Glued-on labels and misspelled brand names were once dead giveaways to exposing counterfeit designer goods, but high-end counterfeiters have become far more sophisticated. Today, it can be far more difficult to distinguish designer products from their counterfeit cousins using visual inspection alone.
Swiss textile manufacturer Schoeller Technologies has invented a new technology to help keep counterfeit goods off the street. A secret chemical is used to create a unique DNA-like signature called DNAtex that can be instantly verified using a handheld scanner.
“We can now give a product a ’unique ID.’ Based on this unique feature, the product can later be clearly identified," Hans Kohn, chief operating officer at Schoeller Technologies, said.
“DNAtex was originally developed to protect the company’s own technologies, but “then we realized that we might be looking at a small sensation," Kohn said.
He added that consumers and companies should worry about the authenticity of their materials and products for safety — and not only fashion — reasons.
"When, for example, a fireman or a motorcyclist is not wearing the safe, original technology, but rather a non-functioning copy, the results may be fatal,” Kohn said.
Designers declare war on counterfeiters
While unwittingly buying fake designer goods may not be life-threatening in most cases, it is a waste of money and can undermine the reputation of the designer, Schoeller said. Damage resulting from copies and fake products worldwide is estimated to be between $280 million and $420 billion, he added.
Designers are getting serious about battling counterfeiters. Last summer, Christian Louboutin, the designer renowned for its red-soled shoes, began conducting raids in Chinese factories and warehouses around the world, resulting in the destruction of thousands of pairs of fake Louboutin shoes.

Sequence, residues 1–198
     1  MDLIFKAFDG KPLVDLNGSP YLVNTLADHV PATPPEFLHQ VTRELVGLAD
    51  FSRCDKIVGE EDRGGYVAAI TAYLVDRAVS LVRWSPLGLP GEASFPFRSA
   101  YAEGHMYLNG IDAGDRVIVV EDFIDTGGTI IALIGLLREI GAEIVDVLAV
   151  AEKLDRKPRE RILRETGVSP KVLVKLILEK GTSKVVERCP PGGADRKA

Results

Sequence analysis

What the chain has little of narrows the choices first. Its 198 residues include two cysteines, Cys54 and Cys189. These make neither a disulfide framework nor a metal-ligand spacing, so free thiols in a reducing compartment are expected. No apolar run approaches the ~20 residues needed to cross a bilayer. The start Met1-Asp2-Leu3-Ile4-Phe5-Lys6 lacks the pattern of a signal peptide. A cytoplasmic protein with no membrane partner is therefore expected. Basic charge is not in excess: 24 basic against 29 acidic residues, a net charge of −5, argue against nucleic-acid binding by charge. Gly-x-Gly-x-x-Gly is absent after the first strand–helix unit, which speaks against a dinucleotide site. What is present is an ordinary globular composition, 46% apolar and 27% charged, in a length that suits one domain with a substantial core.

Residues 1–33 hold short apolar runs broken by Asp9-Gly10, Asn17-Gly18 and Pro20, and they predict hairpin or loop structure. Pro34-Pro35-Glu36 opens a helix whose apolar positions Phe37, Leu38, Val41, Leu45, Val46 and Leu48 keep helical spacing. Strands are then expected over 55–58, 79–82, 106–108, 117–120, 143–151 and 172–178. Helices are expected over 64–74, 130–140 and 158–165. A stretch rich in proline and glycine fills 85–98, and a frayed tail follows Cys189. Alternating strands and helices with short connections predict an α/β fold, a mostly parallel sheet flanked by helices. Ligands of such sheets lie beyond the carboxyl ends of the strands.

In August, 20,000 pairs of True Religion jeans were seized after arriving at the Port of Long Beach from China. The True Religion label on each pair of jeans was covered with another label that read, “Tough–Made in the USA” in an attempt to fool the agents, U.S. Customs officials reported. The jeans’ street value was estimated at $1.5 million.
Last week, Burlington Coat Factory agreed to pay the Italian design house of Fendi $10 million for selling counterfeit Fendi bags at its retail locations.
Even China, the counterfeit capital of the world, has announced the government will "launch a special campaign to fight intellectual property rights infringement and the manufacture and sale of counterfeit goods" in an attempt to improve its image abroad.
How it works
DNAtex is the first chemical tool available to manufacturers to protect their products. How this identification is made, when and how it is integrated into a product and who is interested in DNAtex is confidential, a Schoeller spokesperson told TechNewsDaily.
"DNAtex is fake-proof and it is intended to be kept so," Kohn said.
The detection of a fake jacket, pair of jeans, shoe or bag using DNAtex is made possible through a small electronic scanner.
"You scan the identified product with the detector. It looks for this unique ID and emits clear signals: a green light for real or red light for fake," Kohn said. Checks of this kind can be carried out at customs, for example, so that counterfeit goods can’t get into circulation.
DNAtex has no effect on color, look, feel, breathability or functionality of a product, the company says. It can be applied at all stages of production, from adding to chemicals during the manufacture of textiles to applying to a finished product.
The company reports its DNAtex is currently being used by manufacturers, but would not reveal their identities, citing its obligation to protect its brand partners.
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